Wednesday evening, in celebration of the publication of Clear Heart, I gave a reading at Sullivan's Pub in La Honda. Sullivan's is a new and wildly popular place to drink and dine, attracting a typical cross-section of humanity:
The pub is divided into two rooms, one for dining and one for the bar. I read in the bar. The usual suspects were there:
First I read the opening scene of the novel in which Wally is nailed to a rafter and left hanging in the air. Since some in the audience had ordered pizza or fish and chips, I skipped the detailed description of how it feels to hang with a nail through your wrist, the bone popping against the steel shaft and so on. I think they appreciated my discretion. And they seemed to enjoy the drama.
Next, I read the scene in which Opal quizzes Juke, learning that Wally writes a letter to his wife "every forkin' day." It's a somewhat comic situation, and folks laughed at the appropriate places - something you can never count on as an author, and very gratifying to hear. They started echoing the word "forkin'" which was kind of cool.The black pipe near my elbow is the chimney of the wood-burning stove. I was roasting as I read.
It's a little risky for an author to give a reading in a bar as people are getting lubricated. This was no wine-and-cheese literary event. La Honda is more of a sweatshirt and mudboots kind of place with a wonderful mix of people who don't, or won't, fit into the suburbs over the hill even if they could afford the price of housing over there. (Another tavern in La Honda found it necessary to post a sign saying NO CHAINSAWS AT THE BAR.) In the above photo the man on the left is an electrician, the man on the right is the chief technician at a biotech company. Among the 50 or so people crowded into that little bar were carpenters, an acupuncturist, a septic tank installer, a nuclear physicist.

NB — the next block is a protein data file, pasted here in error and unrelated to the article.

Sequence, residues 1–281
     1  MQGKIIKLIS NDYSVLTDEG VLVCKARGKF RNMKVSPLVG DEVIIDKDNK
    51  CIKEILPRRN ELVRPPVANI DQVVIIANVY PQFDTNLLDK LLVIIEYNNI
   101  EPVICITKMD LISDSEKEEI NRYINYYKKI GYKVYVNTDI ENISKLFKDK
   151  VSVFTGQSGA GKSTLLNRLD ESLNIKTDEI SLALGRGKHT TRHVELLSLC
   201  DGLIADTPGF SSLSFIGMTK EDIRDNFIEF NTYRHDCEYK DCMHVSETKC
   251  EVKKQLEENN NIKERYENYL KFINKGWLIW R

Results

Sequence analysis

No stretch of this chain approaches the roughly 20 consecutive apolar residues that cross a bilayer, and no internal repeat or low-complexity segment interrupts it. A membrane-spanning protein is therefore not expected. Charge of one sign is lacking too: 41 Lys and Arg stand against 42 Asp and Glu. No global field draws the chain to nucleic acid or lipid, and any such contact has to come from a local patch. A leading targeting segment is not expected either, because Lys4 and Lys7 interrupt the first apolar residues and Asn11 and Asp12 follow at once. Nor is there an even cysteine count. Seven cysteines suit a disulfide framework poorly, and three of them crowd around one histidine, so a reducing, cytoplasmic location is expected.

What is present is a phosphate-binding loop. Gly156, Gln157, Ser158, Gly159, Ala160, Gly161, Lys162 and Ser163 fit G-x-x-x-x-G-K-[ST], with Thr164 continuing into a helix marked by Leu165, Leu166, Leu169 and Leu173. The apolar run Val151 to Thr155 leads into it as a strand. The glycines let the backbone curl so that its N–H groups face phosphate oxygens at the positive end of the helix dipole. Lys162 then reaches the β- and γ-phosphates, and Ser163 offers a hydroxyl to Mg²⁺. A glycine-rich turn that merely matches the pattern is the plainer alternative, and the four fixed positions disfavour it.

So I learned something. And it's not something every writer can say: Clear Heart is the kind of novel you can read in a bar.
Terry Adams read several poems from his book Adam's Ribs. Thomas Krempertz read a few poems. Everybody says they had a great time. I certainly did. Sullivan's plans to have a Book Night on the first Wednesday of every month featuring local writers. I plan to return and read again. Come on down, have a beer, give a listen. Or read something of your own. You'll find a warm room and a warm crowd.
(A little disclosure: The pictures of the usual suspects were taken on a different night. But they serve as a sampling of this night, too.)